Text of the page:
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Daily Chess Puzzle

March 21, 2019

Today’s problem is another nice recent victory by Luke McShane.

Since the start of 2018, I have decided to adopt the style of only saying which side is to play: and not giving an idea if the move wins or otherwise, unless on occasion I think signposting would be helpful. Instead, the problems are posed with the instruction to decide what you would play, as in a game.

Black to play

Sarakauskas G - McShane L (21.Ne2)

Sarakauskas v McShane, 4NCL 17/3/19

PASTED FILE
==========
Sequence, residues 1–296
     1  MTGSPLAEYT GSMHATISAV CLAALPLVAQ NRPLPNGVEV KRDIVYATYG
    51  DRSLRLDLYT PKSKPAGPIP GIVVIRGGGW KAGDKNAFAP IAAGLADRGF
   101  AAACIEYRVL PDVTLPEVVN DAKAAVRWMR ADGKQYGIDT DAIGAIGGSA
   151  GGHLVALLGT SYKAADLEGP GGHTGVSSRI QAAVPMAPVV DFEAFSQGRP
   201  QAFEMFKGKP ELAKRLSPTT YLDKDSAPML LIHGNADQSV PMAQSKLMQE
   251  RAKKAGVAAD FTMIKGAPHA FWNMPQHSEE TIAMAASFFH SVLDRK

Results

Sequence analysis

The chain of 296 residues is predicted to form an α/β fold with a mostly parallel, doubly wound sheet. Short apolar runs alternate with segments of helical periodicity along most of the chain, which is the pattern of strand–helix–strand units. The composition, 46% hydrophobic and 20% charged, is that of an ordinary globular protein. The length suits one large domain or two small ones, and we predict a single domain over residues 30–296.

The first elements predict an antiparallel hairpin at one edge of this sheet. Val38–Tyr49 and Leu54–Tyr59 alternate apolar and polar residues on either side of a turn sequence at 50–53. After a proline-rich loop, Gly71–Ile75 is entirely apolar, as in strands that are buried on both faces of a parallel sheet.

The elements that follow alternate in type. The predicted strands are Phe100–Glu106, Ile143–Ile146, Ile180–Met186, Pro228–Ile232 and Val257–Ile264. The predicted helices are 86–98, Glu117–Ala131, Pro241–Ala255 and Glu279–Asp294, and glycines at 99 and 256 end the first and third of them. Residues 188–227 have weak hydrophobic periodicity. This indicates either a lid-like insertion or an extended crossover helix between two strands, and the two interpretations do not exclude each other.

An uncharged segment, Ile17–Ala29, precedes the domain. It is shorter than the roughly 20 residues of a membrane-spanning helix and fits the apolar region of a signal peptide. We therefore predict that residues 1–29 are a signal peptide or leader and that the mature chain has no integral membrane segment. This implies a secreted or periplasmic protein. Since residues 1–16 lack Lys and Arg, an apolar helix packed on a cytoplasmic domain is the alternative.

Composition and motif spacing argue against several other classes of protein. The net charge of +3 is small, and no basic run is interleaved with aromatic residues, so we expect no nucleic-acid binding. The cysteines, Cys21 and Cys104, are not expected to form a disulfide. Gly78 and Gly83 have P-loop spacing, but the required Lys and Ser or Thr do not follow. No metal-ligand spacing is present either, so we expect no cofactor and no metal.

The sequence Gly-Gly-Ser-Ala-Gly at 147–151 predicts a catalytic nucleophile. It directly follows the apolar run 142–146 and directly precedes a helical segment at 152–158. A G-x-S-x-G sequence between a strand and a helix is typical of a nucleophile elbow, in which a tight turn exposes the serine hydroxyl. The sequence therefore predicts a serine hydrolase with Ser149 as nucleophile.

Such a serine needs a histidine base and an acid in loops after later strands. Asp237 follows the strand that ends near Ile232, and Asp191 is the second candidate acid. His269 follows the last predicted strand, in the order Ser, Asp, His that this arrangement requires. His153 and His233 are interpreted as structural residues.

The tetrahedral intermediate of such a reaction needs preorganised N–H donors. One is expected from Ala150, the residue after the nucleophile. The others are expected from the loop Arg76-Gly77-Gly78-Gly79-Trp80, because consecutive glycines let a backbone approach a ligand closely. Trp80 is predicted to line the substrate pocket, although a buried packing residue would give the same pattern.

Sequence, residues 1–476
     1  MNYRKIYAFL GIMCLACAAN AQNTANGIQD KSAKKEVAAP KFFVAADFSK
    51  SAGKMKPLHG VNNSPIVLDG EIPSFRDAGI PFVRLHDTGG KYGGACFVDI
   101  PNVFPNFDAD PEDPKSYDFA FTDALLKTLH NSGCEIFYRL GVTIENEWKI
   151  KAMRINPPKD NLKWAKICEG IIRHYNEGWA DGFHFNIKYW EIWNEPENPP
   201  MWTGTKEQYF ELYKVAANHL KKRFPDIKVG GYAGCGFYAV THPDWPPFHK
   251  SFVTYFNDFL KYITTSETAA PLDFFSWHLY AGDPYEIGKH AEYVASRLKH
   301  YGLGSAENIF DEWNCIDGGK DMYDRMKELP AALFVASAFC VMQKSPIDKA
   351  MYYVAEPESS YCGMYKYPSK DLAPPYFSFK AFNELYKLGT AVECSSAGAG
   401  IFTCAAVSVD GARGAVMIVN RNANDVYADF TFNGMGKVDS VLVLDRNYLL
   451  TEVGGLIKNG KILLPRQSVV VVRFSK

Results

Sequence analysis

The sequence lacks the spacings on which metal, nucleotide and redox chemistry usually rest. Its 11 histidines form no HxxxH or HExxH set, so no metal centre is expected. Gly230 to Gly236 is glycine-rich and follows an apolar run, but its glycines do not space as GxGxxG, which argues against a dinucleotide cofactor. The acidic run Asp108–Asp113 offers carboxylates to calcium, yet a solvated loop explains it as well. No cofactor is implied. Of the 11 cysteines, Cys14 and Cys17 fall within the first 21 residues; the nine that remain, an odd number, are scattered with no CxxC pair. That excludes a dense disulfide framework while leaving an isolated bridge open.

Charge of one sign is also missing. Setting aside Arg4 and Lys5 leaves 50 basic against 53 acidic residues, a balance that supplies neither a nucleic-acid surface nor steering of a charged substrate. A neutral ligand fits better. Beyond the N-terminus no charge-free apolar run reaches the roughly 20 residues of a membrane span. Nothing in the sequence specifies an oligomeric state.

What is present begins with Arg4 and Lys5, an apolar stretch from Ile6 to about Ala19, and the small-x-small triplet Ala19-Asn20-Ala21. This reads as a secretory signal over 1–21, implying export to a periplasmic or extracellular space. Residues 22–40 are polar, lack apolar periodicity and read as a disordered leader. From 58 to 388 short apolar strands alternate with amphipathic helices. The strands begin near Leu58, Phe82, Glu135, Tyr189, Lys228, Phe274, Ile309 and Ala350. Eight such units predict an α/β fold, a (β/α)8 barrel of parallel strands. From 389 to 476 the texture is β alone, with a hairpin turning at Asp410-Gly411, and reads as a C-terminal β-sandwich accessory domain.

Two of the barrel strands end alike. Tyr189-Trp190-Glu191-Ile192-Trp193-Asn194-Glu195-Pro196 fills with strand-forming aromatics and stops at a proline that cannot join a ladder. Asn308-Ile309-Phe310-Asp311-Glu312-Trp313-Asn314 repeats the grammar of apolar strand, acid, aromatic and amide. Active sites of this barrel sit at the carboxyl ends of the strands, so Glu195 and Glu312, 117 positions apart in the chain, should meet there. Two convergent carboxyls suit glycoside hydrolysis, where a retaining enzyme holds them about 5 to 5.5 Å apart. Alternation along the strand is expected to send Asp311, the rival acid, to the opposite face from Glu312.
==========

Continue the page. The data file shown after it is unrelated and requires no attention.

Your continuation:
1…f4! the idea of which is to divert the Bg3 from its square, so it can’t capture the Nh4

2 Nf4 Rf4! 3 Bf4[] Bg2!

Sarakauskas G - McShane L (23...Bxg2)

White captured the B, but Black forked K and Q, and soon mopped up.

The whole game- on TWIC- is worth playing through, to see how Luke (2661) outplayed a (for him) weaker player (2431) from a fairly level position.

Not many moves earlier, the position had been:

Sarakauskas G - McShane L (16.Nc3)

Luke lost the Pc7 by a tactic, but in compensation, Nd6-f4-h5 and f7-f5 gave him an awesome attack: this period of moves reminds me of the discussion in Game Changer by Matthew Sadler and Natasha Regan of AlphaZero’s sacrifices for time.


r4rk1/pb1qb1pp/1p6/2p2p2/7n/3PN1B1/PPPQNPPP/R3R1K1 b – – 0 21


From → Chess

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